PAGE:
Pulitzer Prize-winning reporter and author Eli Saslow came home to Colorado Academy for a day in January and brought with him a message of hope for the students and the community.
Saslow’s roots at CA run deep. He attended CA through Middle School, and his father taught at CA for many years. Throughout presentations to Middle and Upper School students and an evening speech about his newest book, Rising out of Hatred, delivered to an overflow crowd of CA and Denver community members, Saslow accomplished what he seeks to do in his writing—he brought insight into a larger world, a world his audience might never see as intimately as Saslow does.
With that insight, Saslow hopes that people can become less polarized by taking time and making an effort to understand those with different—and even mistaken or uninformed—views.
Middle School: ‘You can see the world through his eyes’
Peggy Butler, Saslow’s former Sixth Grade teacher, introduced this “famous reporter” to a gathering of all CA Sixth Graders. If the students were at all intimidated, Saslow disarmed them immediately by recalling that in Middle School at CA he had thought it was “cool to wear his clothes backwards, and obviously it wasn’t cool.”
Saslow explained to the students that in his books and reporting for the Washington Post, he focuses on “big issues in the country impacting people’s lives.” His passion and his expertise dovetail. With a low-key and unassuming manner, he earns the trust of the subjects of his stories, embeds himself in their lives over long periods of time, and then shows how significant issues have impact on individual lives. To him, the ordinary person is just as interesting—if not more interesting—than the person in power.
To a rapt audience, Saslow described writing about a Seventh Grader having to make funeral arrangements because both his parents had died of a drug overdose on the same day. He told the students about spending six days with a boy from Honduras immediately after the 12-year-old had crossed the border into the United States, fleeing danger in his homeland.
“When I write a story, it feels like you are seeing someone else’s experience,” Saslow told the students. “If you spend time with a person whose life is totally different from our own, you can see the world through his eyes.”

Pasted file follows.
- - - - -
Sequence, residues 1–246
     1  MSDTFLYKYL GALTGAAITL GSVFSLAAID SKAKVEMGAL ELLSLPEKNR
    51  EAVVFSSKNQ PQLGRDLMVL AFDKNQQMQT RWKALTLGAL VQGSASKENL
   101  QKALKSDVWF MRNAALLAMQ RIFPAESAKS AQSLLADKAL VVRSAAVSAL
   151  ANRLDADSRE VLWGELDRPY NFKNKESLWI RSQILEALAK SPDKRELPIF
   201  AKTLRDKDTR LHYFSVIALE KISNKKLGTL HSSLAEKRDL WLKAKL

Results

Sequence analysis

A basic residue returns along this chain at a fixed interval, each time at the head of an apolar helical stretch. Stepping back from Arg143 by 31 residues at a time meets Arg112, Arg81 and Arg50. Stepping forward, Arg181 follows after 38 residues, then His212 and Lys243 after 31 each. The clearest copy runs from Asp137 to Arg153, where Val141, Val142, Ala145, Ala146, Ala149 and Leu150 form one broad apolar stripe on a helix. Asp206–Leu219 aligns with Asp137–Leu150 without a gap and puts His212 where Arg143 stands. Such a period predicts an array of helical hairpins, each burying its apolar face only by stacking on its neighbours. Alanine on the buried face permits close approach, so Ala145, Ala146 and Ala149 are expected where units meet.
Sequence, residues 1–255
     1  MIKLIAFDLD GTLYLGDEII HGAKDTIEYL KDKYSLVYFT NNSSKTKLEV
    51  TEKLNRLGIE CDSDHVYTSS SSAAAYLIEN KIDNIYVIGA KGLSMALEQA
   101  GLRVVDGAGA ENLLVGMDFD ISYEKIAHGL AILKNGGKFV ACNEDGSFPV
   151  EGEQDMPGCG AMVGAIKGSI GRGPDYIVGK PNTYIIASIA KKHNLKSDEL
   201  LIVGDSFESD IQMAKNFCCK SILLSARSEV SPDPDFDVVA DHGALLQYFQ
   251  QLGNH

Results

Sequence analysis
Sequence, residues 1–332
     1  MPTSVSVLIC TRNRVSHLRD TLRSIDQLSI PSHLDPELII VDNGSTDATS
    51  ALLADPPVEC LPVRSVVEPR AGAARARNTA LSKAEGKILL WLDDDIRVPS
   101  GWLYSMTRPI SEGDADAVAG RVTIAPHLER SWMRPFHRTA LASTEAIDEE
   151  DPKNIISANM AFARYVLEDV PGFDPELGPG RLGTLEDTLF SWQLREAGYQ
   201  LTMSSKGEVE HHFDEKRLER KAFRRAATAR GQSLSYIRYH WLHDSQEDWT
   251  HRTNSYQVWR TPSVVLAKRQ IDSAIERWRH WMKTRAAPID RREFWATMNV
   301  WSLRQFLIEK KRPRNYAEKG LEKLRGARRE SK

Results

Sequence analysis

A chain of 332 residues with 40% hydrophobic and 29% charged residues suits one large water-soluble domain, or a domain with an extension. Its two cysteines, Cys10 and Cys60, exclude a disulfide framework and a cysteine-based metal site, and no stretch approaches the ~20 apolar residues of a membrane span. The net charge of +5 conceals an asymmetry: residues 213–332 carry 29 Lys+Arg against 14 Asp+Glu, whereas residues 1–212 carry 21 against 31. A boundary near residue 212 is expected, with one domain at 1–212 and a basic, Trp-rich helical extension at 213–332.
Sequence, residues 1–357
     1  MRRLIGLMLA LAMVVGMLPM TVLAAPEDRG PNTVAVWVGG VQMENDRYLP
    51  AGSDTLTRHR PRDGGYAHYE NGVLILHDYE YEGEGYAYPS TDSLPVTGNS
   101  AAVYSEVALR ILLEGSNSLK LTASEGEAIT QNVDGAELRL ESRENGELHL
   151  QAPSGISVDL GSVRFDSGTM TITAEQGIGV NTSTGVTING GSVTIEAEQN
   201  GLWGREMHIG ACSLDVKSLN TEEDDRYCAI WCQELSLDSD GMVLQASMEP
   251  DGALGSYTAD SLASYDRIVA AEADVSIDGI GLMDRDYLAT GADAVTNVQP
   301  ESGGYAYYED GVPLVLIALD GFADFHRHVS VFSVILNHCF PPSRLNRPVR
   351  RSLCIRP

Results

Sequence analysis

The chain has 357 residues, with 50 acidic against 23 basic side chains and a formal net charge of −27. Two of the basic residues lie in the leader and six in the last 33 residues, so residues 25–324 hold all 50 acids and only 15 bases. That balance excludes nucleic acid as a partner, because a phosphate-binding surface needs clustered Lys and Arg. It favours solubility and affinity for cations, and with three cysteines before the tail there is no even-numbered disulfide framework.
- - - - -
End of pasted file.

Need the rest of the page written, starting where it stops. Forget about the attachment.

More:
Like good reporters, CA’s Sixth Grade students were prepared to ask Saslow questions:
Have you ever been in an uncomfortable situation where you didn’t want to do a story?
How did you decide to become a reporter?
How do you find ideas for stories?
What are you working right now?
What have been your most memorable experiences?
In his responses, Saslow gave the young students a short course in journalism and writing. They learned that writing is easier when you are passionate about the topic and that the connection to the people in your story doesn’t end after you have finished writing. They discovered the value of curiosity, persistence, outlining, multiple drafts, and lots of editing to produce successful writing.
They were impressed to find out that Saslow is working with HBO on a mini-series based on one of this articles. They were even more impressed by Saslow’s description of Secret Service officers standing around him as he waited outside the White House Oval Office to do an interview with President Barack Obama.
Upper School: ‘You have the responsibility to try’
Speaking to the entire Upper School in Froelicher Theatre, Saslow recalled that the last time he had stood on that stage, he was buried in the back of the chorus for a Middle School production of Annie. On this day, he was front and center on stage.
Students listened silently as he described the pain of writing about the Newtown shootings and spending six months with the Barden family, who had lost their 7-year-old son Daniel, as they lobbied national leaders to effect change in mental health care or gun laws.
“They wanted to be able to say at least our kids were martyrs for something bigger,” Saslow told the Upper Schoolers. “Then they came to the realization that they had to go back to their lives and nothing would change. That’s one that still gets to me.”
Saslow also described the story which evolved into his most recent book, Rising out of Hatred: The Awakening of a Former White Nationalist, recounting how he spent months and then years earning the trust of Derek Black, the son of a former KKK grand wizard and heir apparent to lead the white supremacist movement. After Black enrolled in a Florida liberal arts college, his fellow students exposed his double life as racist, anti-Semitic, white extremist leader and mild-mannered, pleasant college student. After being outed, Black found himself living with both ostracism and outreach from his fellow students. Saslow’s book tracks how outreach wins, as the people Black knew in college change him and show him he was wrong in his ideas. Saslow’s book is their story as much as Black’s. Today, Black is a prominent anti-racist activist who has disavowed his family.
“White supremacy is alive and well in our country,” Saslow told the CA students. “If you have someone in your life who has problematic ideas, you can change them. You may not succeed, but you have the responsibility to try.”